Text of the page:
Audio-Technica Corporation et al v. Music Tribe Commercial NV Inc. et al

Filing 52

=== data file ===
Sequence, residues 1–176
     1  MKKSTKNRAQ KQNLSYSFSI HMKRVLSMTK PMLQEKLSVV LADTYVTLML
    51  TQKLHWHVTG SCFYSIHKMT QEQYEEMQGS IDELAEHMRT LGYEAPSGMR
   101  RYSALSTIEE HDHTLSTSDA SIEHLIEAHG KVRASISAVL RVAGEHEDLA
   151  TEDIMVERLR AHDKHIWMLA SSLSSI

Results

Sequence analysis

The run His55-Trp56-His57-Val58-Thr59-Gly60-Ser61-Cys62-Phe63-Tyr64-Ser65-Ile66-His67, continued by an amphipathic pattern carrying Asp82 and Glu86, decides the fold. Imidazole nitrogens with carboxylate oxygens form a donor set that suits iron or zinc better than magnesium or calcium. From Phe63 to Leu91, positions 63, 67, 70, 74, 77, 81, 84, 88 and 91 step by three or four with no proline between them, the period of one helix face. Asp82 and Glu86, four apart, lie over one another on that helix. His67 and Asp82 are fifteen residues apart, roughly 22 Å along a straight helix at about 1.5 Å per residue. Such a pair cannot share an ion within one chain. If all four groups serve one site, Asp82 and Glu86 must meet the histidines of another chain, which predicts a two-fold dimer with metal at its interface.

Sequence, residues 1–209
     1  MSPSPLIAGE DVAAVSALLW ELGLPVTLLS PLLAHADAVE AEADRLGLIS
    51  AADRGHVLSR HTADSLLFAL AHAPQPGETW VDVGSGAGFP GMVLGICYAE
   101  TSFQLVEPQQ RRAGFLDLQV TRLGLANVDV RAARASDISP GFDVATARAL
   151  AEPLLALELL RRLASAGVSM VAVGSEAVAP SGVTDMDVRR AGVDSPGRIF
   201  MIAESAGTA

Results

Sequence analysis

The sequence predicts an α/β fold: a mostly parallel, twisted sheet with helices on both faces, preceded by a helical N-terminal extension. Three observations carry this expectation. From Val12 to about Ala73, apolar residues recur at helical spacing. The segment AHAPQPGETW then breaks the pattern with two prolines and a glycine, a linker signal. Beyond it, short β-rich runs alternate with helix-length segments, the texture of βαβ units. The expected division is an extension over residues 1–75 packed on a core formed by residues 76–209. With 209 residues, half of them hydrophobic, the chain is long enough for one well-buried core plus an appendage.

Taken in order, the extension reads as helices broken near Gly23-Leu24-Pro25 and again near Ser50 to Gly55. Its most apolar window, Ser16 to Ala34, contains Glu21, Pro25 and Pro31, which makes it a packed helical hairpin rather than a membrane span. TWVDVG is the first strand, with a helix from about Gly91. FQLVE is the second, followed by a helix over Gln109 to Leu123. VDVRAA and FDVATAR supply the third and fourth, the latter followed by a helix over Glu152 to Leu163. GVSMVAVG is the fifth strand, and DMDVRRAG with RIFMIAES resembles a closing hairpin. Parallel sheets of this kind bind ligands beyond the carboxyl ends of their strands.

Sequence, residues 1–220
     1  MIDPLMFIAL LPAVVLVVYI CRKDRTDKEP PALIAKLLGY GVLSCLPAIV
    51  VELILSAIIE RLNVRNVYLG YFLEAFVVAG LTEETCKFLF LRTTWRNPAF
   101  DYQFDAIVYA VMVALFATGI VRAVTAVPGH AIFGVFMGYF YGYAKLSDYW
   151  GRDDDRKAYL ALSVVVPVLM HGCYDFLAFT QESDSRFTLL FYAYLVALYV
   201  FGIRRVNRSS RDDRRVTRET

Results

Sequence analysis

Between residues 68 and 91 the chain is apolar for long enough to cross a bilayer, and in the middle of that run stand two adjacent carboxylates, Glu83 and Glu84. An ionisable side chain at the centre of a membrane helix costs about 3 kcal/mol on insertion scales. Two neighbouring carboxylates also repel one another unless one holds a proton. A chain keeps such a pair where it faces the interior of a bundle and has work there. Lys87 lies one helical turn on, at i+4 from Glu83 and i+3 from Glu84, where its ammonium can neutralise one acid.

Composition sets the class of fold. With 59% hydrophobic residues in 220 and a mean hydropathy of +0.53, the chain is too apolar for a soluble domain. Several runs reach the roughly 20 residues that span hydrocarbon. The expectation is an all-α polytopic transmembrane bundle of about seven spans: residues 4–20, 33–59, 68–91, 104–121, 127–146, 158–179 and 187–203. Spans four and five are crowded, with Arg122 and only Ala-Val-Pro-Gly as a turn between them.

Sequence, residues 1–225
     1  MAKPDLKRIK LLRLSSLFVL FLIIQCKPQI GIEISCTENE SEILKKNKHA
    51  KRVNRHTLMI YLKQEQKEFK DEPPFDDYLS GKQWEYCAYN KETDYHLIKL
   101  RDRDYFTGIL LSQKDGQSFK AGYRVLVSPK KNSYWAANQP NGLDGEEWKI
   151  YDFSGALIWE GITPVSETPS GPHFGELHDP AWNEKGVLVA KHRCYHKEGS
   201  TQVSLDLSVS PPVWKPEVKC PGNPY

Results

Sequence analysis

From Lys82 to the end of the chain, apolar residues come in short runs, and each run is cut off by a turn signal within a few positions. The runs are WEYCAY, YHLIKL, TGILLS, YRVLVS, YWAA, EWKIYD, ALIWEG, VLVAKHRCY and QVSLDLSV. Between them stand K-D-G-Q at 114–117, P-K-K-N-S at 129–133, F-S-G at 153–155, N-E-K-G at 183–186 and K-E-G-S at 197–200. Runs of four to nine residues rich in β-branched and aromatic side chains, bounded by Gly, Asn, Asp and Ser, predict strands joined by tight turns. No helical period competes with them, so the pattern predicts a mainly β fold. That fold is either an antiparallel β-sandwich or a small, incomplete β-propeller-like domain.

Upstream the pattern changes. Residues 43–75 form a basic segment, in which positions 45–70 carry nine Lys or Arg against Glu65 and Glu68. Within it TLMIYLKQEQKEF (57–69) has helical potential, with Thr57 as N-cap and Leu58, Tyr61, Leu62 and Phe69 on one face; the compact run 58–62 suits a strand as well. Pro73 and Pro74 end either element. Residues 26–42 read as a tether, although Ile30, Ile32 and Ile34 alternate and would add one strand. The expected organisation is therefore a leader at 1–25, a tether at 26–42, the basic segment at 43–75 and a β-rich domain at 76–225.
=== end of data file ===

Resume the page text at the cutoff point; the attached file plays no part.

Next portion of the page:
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O 1 2 3 4 5 6 7 United States District Court Central District of California 8 9 10 11 12 13 14 15 Case № 2:21-cv-09009-ODW (ASx) AUDIO-TECHNICA CORP., et al., ORDER DENYING PLAINTIFF’S MOTION FOR PRELIMINARY INJUNCTION [27] Plaintiffs, v. MUSIC TRIBE COMMERCIAL MY SDN. BHD., 16 17 18 Defendant. I. INTRODUCTION 19 This is a trademark infringement case. Plaintiffs Audio-Technica Corporation 20 and Audio-Technica U.S., Inc. (together, “Audio-Technica”) manufacture the AT2020 21 microphone, an entry-level professional studio microphone. Defendant Music Tribe 22 Commercial MY Sdn. Bhd. (“Music Tribe”) introduced a competing microphone, the 23 BX2020, into the United States consumer market. Audio-Technica alleges that Music 24 Tribe’s microphone is a knockoff and asserts claims for federal trademark and trade 25 dress infringement along with state common-law and statutory claims for unfair 26 competition. Audio-Technica now moves for a preliminary injunction prohibiting 27 Music Tribe from distributing or selling any more units of its allegedly infringing 28 1 microphone pending trial. (Mot. Prelim. Inj. (“Motion” or “Mot.”), ECF Nos. 27–28; 2 see also Opp’n, ECF No. 32; Reply, ECF No. 38.) 3 On March 14, 2022, the Court held a hearing on the Motion. Having carefully 4 considered the arguments presented at the hearing and in the papers filed in connection 5 with the Motion, the Court now DENIES Audio-Technica’s Motion. II. 6 BACKGROUND 7 Audio-Technica developed the AT2020 microphone and introduced it to 8 consumers in 2004. (Decl. Gary Boss (“Boss Decl.”) ¶ 10, ECF No. 30.) Since then, 9 Audio-Technica has marketed and sold the AT2020 continuously in the United States 10 and elsewhere. (Id.) The AT2020’s design incorporates two vertical bars on either side 11 of the microphone with two circular enclosures near the top and bottom, a small portion 12 of the microphone’s mesh protruding above the top circular enclosure, and a threaded 13 adapter with rounded hinges and a tapered bottom containing the microphone’s cord 14 port. 15 The “AT” in the product name stands for Audio-Technica. (See id. ¶¶ 4–5.) The 16 “2020” has no connection to the product’s functionality or release date. Instead, the 17 first two numbers refer to the Audio-Technica series of which the model is a part (the 18 50 Series, 40 Series, or 20 Series), and the next two digits are essentially arbitrary. (See 19 id. ¶¶ 5–6.) The AT2020 is available from the standard retailers microphone consumers 20 would expect, including big-box stores such as Best Buy and online retailers such as 21 Sweetwater and (Decl. Kristina S. Azlin (“Azlin Decl.”) ¶¶ 3, 25, ECF 22 No. 29; id. Exs. 2, 21, ECF Nos. 29-2, 29-21; Boss Decl. ¶ 19.) 23 The AT2020 typically sells in the United States for $99. (Boss Decl. ¶¶ 10–11.) 24 It is widely used in the United States by entry-level and professional content creators, 25 including musicians, video streamers, and podcasters. (Id. ¶ 13.) Sales of the AT2020 26 have grown steadily since 2004 and have “skyrocketed” in recent years, due in part to 27 its popularity among those creating content from their own homes or small studios. (Id. 28 ¶¶ 13–14.) Online reviewers and commentators have variously remarked that the 2 1 AT2020 is “iconic,” is one of “The Top 10 Best Condenser Microphones on Earth,” and 2 is “probably the most famous condenser microphone among home studios and creators 3 in general.” (Mot. 5.) 4 In the summer of 2021, Music Tribe, through its brand Behringer, began 5 advertising its BX2020 microphone. The BX2020 is similar in design and appearance 6 to the AT2020, as follows: 7 8 9 10 11 12 13 14 15 16 17 Both the AT2020 and BX2020 are packaged in boxes with minimalist packaging design, 18 containing a photograph of the microphone against a stark white background. 19 Audio-Technica now asserts the following trademark rights: (1) product design 20 and packaging trade dress rights in the design and packaging of the AT2020; and 21 (2) trademark rights in the name “AT2020.” Nothing in the record indicates that either 22 party has a USPTO trademark registration for any of their respective marks used in 23 connection with these microphones. 24 After this dispute arose, Music Tribe agreed to rename the BX2020 to the BM1. 25 (Azlin Decl. ¶ 29.) It sold only thirty units of the BX2020 in the United States before 26 changing the product name. (Decl. Uli Behringer (“Behringer Decl.”) ¶ 5, ECF No. 35.) 27 Moreover, although at some point the BM1 page of Behringer’s website displayed a 28 link to a promotional video identifying its microphone as the “BX2020,” Music Tribe 3 1 has since removed that link from Behringer’s website. (Opp’n 22.) Music Tribe now 2 sells its microphone under the “BM1” designation exclusively, and it has no intention, 3 regardless of the outcome of this litigation, of using the name “BX2020” in the United 4 States any time in the future. (Behringer Decl. ¶ 6.) 5 On November 17, 2021, Audio-Technica brought suit against Music Tribe, 6 setting forth claims for (1) federal trademark infringement, trade dress infringement, 7 and unfair competition (15 U.S.C. § 1125(a)); (2) common law unfair competition; and 8 (3) unfair competition under California law (Cal. Bus. & Prof. Code § 17200). Audio- 9 Technica moved for a preliminary injunction shortly thereafter. 10 III. LEGAL STANDARD 11 A preliminary injunction is an “extraordinary remedy” courts may grant to 12 preserve the status quo pending trial in order to prevent immediate and irreparable 13 injury. Winter v. Nat. Res. Def. Council, Inc., 555 U.S. 7, 22 (2008); Fed. R. Civ. 14 P. 65(a). To obtain a preliminary injunction, the plaintiff must clearly establish: (1) a 15 likelihood of success on the merits; (2) a likelihood that he will suffer irreparable harm 16 if the preliminary relief is not granted; (3) that the balance of equities tips in his favor; 17 and (4) that the injunction is in the public interest. See Winter, 555 U.S. at 20. Under 18 15 U.S.C. § 1116(a) as modified by the Trademark Modernization Act of 2020, a 19 plaintiff seeking an injunction to prevent trademark infringement is entitled to a 20 rebuttable presumption of irreparable harm upon a finding of likelihood of success on 21 the merits. Cisco Sys. v. Wuhan Wolon Commc’n Tech. Co., No. 5:21-cv-04272-EJD, 22 2021 WL 4962661, at *7 (N.D. Cal. July 23, 2021) (quoting Pub. L. No. 116-260 23 (2020)); cf. Vision Sports, Inc. v. Melville Corp., 888 F.2d 609, 612 n.3 (9th Cir. 1989) 24 (“In trademark infringement or unfair competition actions, once the plaintiff establishes 25 a likelihood of confusion, it is ordinarily presumed that the plaintiff will suffer 26 irreparable harm if injunctive relief is not granted.”). 27 “The purpose of a preliminary injunction is merely to preserve the relative 28 positions of the parties until a trial on the merits can be held.” Univ. of Tex. v. 4 1 Camenisch, 451 U.S. 390, 395 (1981). The party moving for the preliminary injunction 2 bears the burden of establishing its need. Stanley v. Univ. of S. Cal., 13 F.3d 1313, 1326 3 (9th Cir. 1994). The moving party must meet this burden with a “clear showing” that 4 the preliminary injunction is warranted. Conn. Gen. Life Ins. Co. v. New Images of 5 Beverly Hills, 321 F.3d 878, 881 (9th Cir. 2003). In ruling on an application for 6 preliminary injunction, the Court may consider evidence that would not be admissible 7 at trial. See, e.g., Johnson v. Couturier, 572 F.3d 1067, 1083 (9th Cir. 2009) (“A district 8 court may . . . consider hearsay in deciding whether to issue a preliminary injunction.”). IV. 9 DISCUSSION 10 “In the trademark context, ‘state common law claims of unfair competition and 11 actions pursuant to the California Business and Professions Code § 17200 are 12 substantially congruent to claims made under the Lanham Act.’” Alixir Co. v. Qué Onda 13 Beverage, Inc., No. 2:20-cv-08368-RGK-RAO, 2021 WL 971057, at *6 (C.D. Cal. 14 Jan. 6, 2021) (quoting Cleary v. News Corp., 30 F.3d 1255, 1262–63 (9th Cir. 1994)). 15 Neither party disputes this principle, and their briefs are accordingly focused on the 16 Lanham Act claim. The Court takes its cue from the parties and similarly focuses its 17 analysis on the Lanham Act claim. 18 Audio-Technica brings its trademark claim against Music Tribe under 19 section 43(a) of the Lanham Act (15 U.S.C. § 1125(a)) for trade dress infringement, 20 trademark infringement, and false designation of origin. Although both marks are 21 unregistered, section 43(a) “protects against infringement of unregistered marks and 22 trade dress as well as registered marks.”, Inc. v. Walt Disney Co., 202 F.3d 23 1199, 1204–05 (9th Cir. 2000). 24 Audio-Technica attempts to meet its burden on this motion by showing a 25 likelihood of success on its trade dress claim and its trademark claim. For the following 26 reasons, Audio-Technica fails in this burden. 27 28 5 1 A. Trade Dress Infringement 2 Trade dress refers to “the total image of a product and may include features such 3 as size, shape, color or color combination, texture, graphics, or even particular sales 4 techniques.” Nova Wines, Inc. v. Adler Fels Winery LLC, 467 F. Supp. 2d 965, 975 5 (N.D. Cal. 2006) (quoting Mattel, Inc. v. Walking Mountain Prods., 353 F.3d 792, 808 6 n.13 (9th Cir. 2003)). Here, Audio-Technica asserts trade dress rights in the AT2020’s 7 design, which incorporates (1) two vertical bars on either side of the microphone with 8 two circular enclosures near the top and bottom, (2) a small portion of the microphone’s 9 mesh protruding above the top circular enclosure, and (3) a threaded adapter with 10 rounded hinges and a tapered bottom containing the microphone’s cord port. 11 Audio-Technica’s unregistered trade dress claim requires it to show that its trade 12 dress is (1) nonfunctional, (2) distinctive, and that (3) Music Tribe’s use of the trade 13 dress creates a likelihood of consumer confusion. Moroccanoil, Inc. v. Zotos Int’l, Inc., 14 230 F. Supp. 3d 1161, 1171 (C.D. Cal. 2017) (citing Int’l Jensen, Inc. v. Metrosound 15 U.S.A., Inc., 4 F.3d 819, 822 (9th Cir. 1993)). Audio-Technica makes a weak showing 16 of both distinctiveness and likelihood of confusion. 17 1. Distinctiveness 18 Trade dress rights can be established in either the product’s packaging or the 19 product’s design. Product packaging trade dress can be “distinctive” in one of two 20 ways: (1) by being inherently distinctive, or (2) by acquiring secondary meaning. Wal- 21 Mart Stores, Inc. v. Samara Bros., Inc., 529 U.S. 205, 210–11 (2000). However, 22 product design trade dress can never be inherently distinctive and therefore always 23 requires a showing of secondary meaning. See id. 24 Audio-Technica’s primary argument is that it has trade dress rights in the 25 AT2020’s distinctive design. Audio-Technica does not argue that the AT2020’s design 26 is inherently distinctive; instead, Audio-Technica argues that the AT2020 trade dress 27 has acquired distinctiveness by developing secondary meaning. (Mot. 14). A product 28 design has secondary meaning when “consumers associate the design features with a 6 1 particular producer.” 2 2021 WL 3598747, at *3 (C.D. Cal. Apr. 29, 2021); see also Samara Bros., 529 U.S. 3 at 211 (describing secondary meaning as existing when, “in the minds of the public, the 4 primary significance” of a trade dress “is to identify the source of the product rather 5 than the product itself”). To determine whether a mark has acquired a secondary 6 meaning, the trier of fact considers: “(1) whether actual purchasers of the product 7 bearing the claimed trademark associate the trademark with the producer, (2) the degree 8 and manner of advertising under the claimed trademark, (3) the length and manner of 9 use of the claimed trademark, and (4) whether use of the claimed trademark has been 10 exclusive.” Yellow Cab Co. of Sacramento v. Yellow Cab of Elk Grove, Inc., 419 F.3d 11 925, 930 (9th Cir. 2005) (quoting Levi Strauss & Co. v. Blue Bell, Inc., 778 F.2d 1352, 12 1358 (9th Cir. 1985) (en banc)). 13 Tee Turtle, LLC v. ABmask, No. CV 21-3572-CBM E(x), Here, Audio-Technica’s showing that its AT2020 trade dress has a secondary 14 meaning is weak. The canonic way of demonstrating secondary meaning is by 15 conducting a survey. Levi Strauss & Co., 778 F.2d at 1358 (“An expert survey of 16 purchasers can provide the most persuasive evidence on secondary meaning.”). To 17 conduct the survey, an expert shows consumers the trade dress in question and asks 18 them if they associate that trade dress with a particular producer. See id. The results of 19 the survey can demonstrate that the product has taken on a secondary meaning. Here, 20 Audio-Technica presents no such survey, or anything like it. When, as here, the plaintiff 21 is financially capable of conducting a survey, the failure to do so may allow “an 22 inference that the results of such a survey would be unfavorable.” Cairns v. Franklin 23 Mint Co., 24 F. Supp. 2d 1013, 1041 (C.D. Cal. 1998); Allstate Ins. Co. v. Kia Motors 24 Am., Inc., No. CV 16–6108 SJO (AGRx), 2017 WL 6550669, at *15 (C.D. Cal. 25 Dec. 22, 2017). 26 Instead, Audio-Technica relies on the vague declaration of one of its principals 27 regarding the high volume of AT2020 advertising and sales in the United States since 28 2004. (Boss Decl. ¶¶ 14–15.) Boss’s Supplemental Declaration provides further details 7 1 about the volume of sales and advertising for the AT2020. (Suppl. Decl. Gary Boss 2 (“Suppl. Boss Decl.”) ¶¶ 3–5, ECF No. 41.) But sales and advertising volume are only 3 two of the factors courts consider, and such data, without more, fails to clearly 4 demonstrate a secondary meaning. Indeed, high sales volume, on its own, means little 5 in the distinctiveness analysis; a manufacturer might generate $100 million in annual 6 revenue selling plain white t-shirts, but selling a large number of plain white t-shirts 7 does nothing to make them any more distinctive. Beyond mere volume, Plaintiff makes 8 no showing of any concrete association in the minds of consumers between the shape 9 and design of the AT2020, on one hand, and Audio-Technica as its manufacturer, on 10 the other hand. 11 Music Tribe, for its part, presents evidence that casts further doubt on whether 12 Audio-Technica has made the required “clear” showing. Music Tribe presents evidence 13 indicating that there are several microphones on the market that look similar to the 14 AT2020. (Behringer Decl. ¶ 7, Ex. 3.) The design elements of several of these 15 microphones include vertical bars and mesh protruding over the top of the frame, as 16 does the AT2020. Music Tribe’s showing that the market is crowded with similar 17 models further confirms that, without direct survey-type evidence establishing a 18 connection in the consumer’s mind between the trade dress and the producer, it is 19 unlikely that the AT2020 trade dress has acquired a secondary meaning. Yellow Cab 20 Co., 419 F.3d at 930. 21 Additionally or alternatively, Audio-Technica argues that the AT2020’s product 22 packaging is protected trade dress, but this argument is also unavailing. The foregoing 23 analysis applies in even greater measure to Audio-Technica’s contentions regarding the 24 AT2020’s packaging. 25 microphone consumer associates minimalist packaging with white backgrounds and 26 clean product photos with Audio-Technica in particular. And Music Tribe demonstrates 27 that the electronics market is crowded with products packaged in minimalist packaging Audio-Technica makes no concrete showing that any 28 8 1 using white backgrounds and clean product photos. (Opp’n 13; Decl. Brian K. Brookey 2 Ex. 2 (“Minimalist Packaging Compendium”), ECF No. 33-2.) 3 4 5 For these reasons, it is unlikely that Audio-Technica will be able to establish that the AT2020’s product design or product packaging is distinctive. 2. Likelihood of Confusion 6 The Court now turns to whether Audio-Technica clearly demonstrates a 7 likelihood of confusion arising from Music Tribe’s use of its trade dress. In the Ninth 8 Circuit, courts apply the eight factors from AMF Inc. v. Sleekcraft Boats, 599 F.2d 341 9 (9th Cir. 1979), when determining whether an infringer’s product is likely to confuse. 10 These factors are (1) strength of the mark; (2) proximity of the goods; (3) similarity of 11 the marks; (4) evidence of actual confusion; (5) marketing channels used; (6) the degree 12 of care likely to be exercised by the purchaser; (7) defendant’s intent in selecting the 13 mark; and (8) likelihood of expansion of the product lines. Id. at 348–49. Depending 14 on the nature of the case, certain of these Sleekcraft factors may be more or less 15 important, with evidence of actual confusion often being the most important factor. See, 16 e.g., Network Automation, Inc. v. Advanced Sys. Concepts, Inc., 638 F.3d 1137, 1147 17 (9th Cir. 2011). 18 Applying these factors to Audio-Technica’s asserted right in the product design 19 of the AT2020, these factors rather securely indicate a low likelihood of confusion. 20 First, and most importantly, Audio-Technica presents no evidence of actual confusion. 21 Audio-Technica had the ability to submit confusion surveys demonstrating that 22 consumers were confused about the origin of the two products, but it did not. Moreover, 23 Audio-Technica does not present any other direct evidence of confusion, such as 24 evidence that purchasers of the BX2020 contacted Audio-Technica believing they had 25 purchased an Audio-Technica product. 26 Instead, Audio-Technica repeatedly and emphatically points to writings by online 27 reviewers and commentators that Audio-Technica argues demonstrate a likelihood of 28 confusion. However, these writings support the opposite conclusion at least as much as 9 1 they support Audio-Technica’s desired conclusion, if not more so. The online reviewers 2 and commentators variously observe that the BX2020 is a “knockoff” or a “clone” of 3 the AT2020 and that it was an “absolutely shameless” copy. (Mot. 8–11.) These 4 reviews indicate that writers and readers understand very well that the AT2020 and the 5 BX2020 are manufactured by different producers, supporting the absence of confusion. 6 See JL Beverage Co. v. Beam, Inc., 899 F. Supp. 2d 991, 1005 (D. Nev. 2012) (finding 7 evidence of consumers noting the goods look alike showed a lack of confusion, as 8 consumers understood the goods were distinct products). No reviewer was under the 9 impression that the two microphones came from the same manufacturer; instead, they 10 were all well aware that the microphones were made by two different manufacturers, 11 and one of the purposes of the reviews was to describe the differences between the two 12 microphones. For these reasons, the online reviews do not demonstrate a likelihood of 13 confusion. 14 Music Tribe makes an additional point regarding housemarks that further 15 weakens Audio-Technica’s showing of a likelihood of confusion. The few copies of 16 BX2020s sold in the United States all bore the word “Behringer” as a housemark on the 17 side of the microphone. “The consistent use of a housemark can reduce the likelihood 18 of confusion . . . when the housemark is . . . conspicuous . . . and serves to indicate the 19 source of origin to the public.” Charles Schwab & Co. v. Hibernia Bank, 665 F. Supp. 20 800, 808 (N.D. Cal. 1987). Although the presence of a housemark alone does not 21 “negate the likelihood of confusion,” its presence contributes to a finding that confusion 22 is unlikely. New Flyer Indus. Canada ULC v. Rugby Aviation, LLC, 405 F. Supp. 3d 23 886, 901 (W.D. Wash. 2019). 24 Audio-Technica argues that the consumers of AT2020s are often entry-level 25 purchasers who are more likely than more experienced purchasers to confuse the 26 AT2020 with the BX2020. (Mot. 17–18.) This argument, however, is grounded in 27 Audio-Technica’s unsupported assertion about the types of consumers who purchase 28 10 1 AT2020s and the experiences they may have had. Ultimately, Audio-Technica’s 2 argument on this issue is little more than speculation. 3 Finally, although Audio-Technica makes a relatively strong showing that Music 4 Tribe intended to copy the design of the AT2020, the defendant’s intent is ultimately 5 only one factor in the analysis, and here, the overall balance of the factors indicates a 6 very low likelihood of confusion with respect to product design trade dress. 7 For these reasons, it is rather unlikely that Audio-Technica will successfully 8 establish a likelihood of confusion arising from Music Tribe’s use of Audio-Technica’s 9 alleged product design trade dress. 10 For many of these same reasons, Audio-Technica’s demonstration of a likelihood 11 of confusion about its product packaging trade dress is even weaker. As stated above, 12 Audio-Technica’s product packaging trade dress is a weak mark at best and may not 13 exist at all. And Audio-Technica presents no evidence of consumer confusion based on 14 the similarity of its product packaging to that of the BX2020. 15 In summary, as to trade dress, it is unlikely Audio-Technica will be able to 16 establish distinctiveness, and it is also unlikely it will be able to establish a likelihood 17 of confusion. These two elements are independent, and a failure of either of them would 18 be a complete bar to recovery for trade dress infringement. The low chances of success 19 on each of these points compounds, such that it is clear that Audio-Technica fails to 20 demonstrate a likelihood of success on the merits. Thus, an injunction directed toward 21 trade dress infringement based on either the AT2020’s design or packaging is not 22 appropriate. 23 B. 24 Trademark Infringement The second component of Audio-Technica’s trademark claim concerns its 25 asserted rights in the unregistered “AT2020” mark. 26 clarification, much of the trademark aspect of Audio-Technica’s Motion is moot. Music 27 Tribe has stopped marketing and selling its microphone under the “BX2020” 28 designation, now designating it as “BM1.” (Behringer Decl. ¶ 6.) And Audio-Technica 11 As a preliminary point of 1 presents no evidence that refutes Music Tribe’s principal’s assertion that it has no plans 2 whatsoever to reintroduce its microphone under the BX2020 designation any time in 3 the future. Audio-Technica therefore lacks standing to pursue an injunction preventing 4 Music Tribe from manufacturing or distributing its microphone under the BX2020 5 designation, or, alternatively, Audio Technica’s request for this injunction in particular 6 is now moot. 7 Because Music Tribe no longer distributes microphones under the BX2020 mark, 8 the only remaining issue is whether the Court should issue a preliminary injunction 9 compelling Music Tribe to make efforts to recall the already-distributed BX2020 10 microphones. Preliminarily, the Court notes that Audio-Technica presents no language 11 in its Proposed Order that might achieve this narrower effect. (Proposed Order, ECF 12 No. 27-1.) Substantively, such an injunction would be a mandatory injunction because 13 it would require Music Tribe to take affirmative action to recall any remaining BX2020 14 units from its downstream retailers. See Garcia v. Google, Inc., 786 F.3d 733, 740 15 (9th Cir. 2015) (defining mandatory injunction as one that “orders a responsible party 16 to take action” (internal quotation marks removed)). District courts should deny 17 mandatory injunctions “unless the facts and law clearly favor the moving party.” 18 Anderson v. United States, 612 F.2d 1112, 1114 (9th Cir. 1979). “In plain terms, 19 mandatory injunctions should not issue in doubtful cases.” Garcia, 786 F.3d at 740 20 (internal quotation marks removed). This is a very doubtful case. 21 “To establish common law rights in an unregistered mark, a plaintiff must show 22 either (1) that its mark is inherently distinctive, or (2) that the mark has acquired a 23 secondary meaning.” Alixir, 2021 WL 971057, at *4 (cleaned up). As with its trade 24 dress claim, Audio-Technica does not argue that its AT2020 mark is inherently 25 distinctive. Instead, Audio-Technica argues that the mark has a secondary meaning. 26 (Mot. 20.) The secondary meaning analysis for a trademark is the same as for a trade 27 dress. Alixir, 2021 WL 971057, at *4. Here, Audio-Technica fails in its burden of 28 showing its “AT2020” word mark has secondary meaning; it submits no survey 12 1 suggesting the existence of secondary meaning for “AT2020” and relies on general 2 assertions about sales volume and consumer demographics. 3 Applying the Sleekcraft factors to determine whether there is a likelihood of 4 confusion arising from Music Tribe’s use of the BX2020 mark, the Court finds Audio- 5 Technica fails in its burden, for the same reasons discussed above in connection with 6 the trade dress claim. There is no evidence of actual confusion, and the evidence 7 submitted suggests that, if anything, consumers understand that the two products are 8 different products made by different manufacturers. The presence of the Behringer 9 housemark on the microphone housing further erodes the possibility that consumers will 10 be confused. 11 Moreover, the two word marks themselves are not particularly similar. Audio- 12 Technica ultimately concedes that it is asserting a trademark in “AT2020” and not 13 “2020.” (Reply 10 (“Audio-Technica is obviously claiming ‘AT2020’ as its trademark.” 14 (capitalization modified)).) Thus, the question is not whether “2020” and “2020” are 15 confusingly similar; the question is whether “AT2020” and “BX2020” are confusingly 16 similar, and the answer is “likely not.” The distinguishing letters come at the beginning 17 of each mark and are naturally interpreted as referring to the respective manufacturers, 18 Audio-Technica and Behringer. These differences make consumer confusion even less 19 likely. Audio-Technica bears the burden of making a showing sufficient to dispel the 20 Court’s doubts regarding the appropriateness of a mandatory injunction. 21 Technica’s showing leaves the Court with substantial doubts regarding the mark itself 22 and the likelihood of confusion. Audio- 23 To summarize, a mandatory injunction relating to trademark infringement is not 24 appropriate because Audio-Technica fails to meet the applicable burden, and a 25 prohibitory injunction relating to trademark infringement is not appropriate because 26 Music Tribe is no longer using the mark in question. Thus, the Court will not issue an 27 injunction relating to trademark infringement. 28 13 V. 1 CONCLUSION 2 For the reasons discussed above, Audio-Technica fails in its burden of showing 3 entitlement to a preliminary injunction of any type. The Court therefore DENIES 4 Audio-Technica’s Motion. (ECF No. 27.) 5 6 IT IS SO ORDERED. 7 8 May 5, 2022 9 10 11 12 ____________________________________ OTIS D. WRIGHT, II UNITED STATES DISTRICT JUDGE 13 14 15 16 17 18 19 20 21 22 23 24 25 26 27 28 14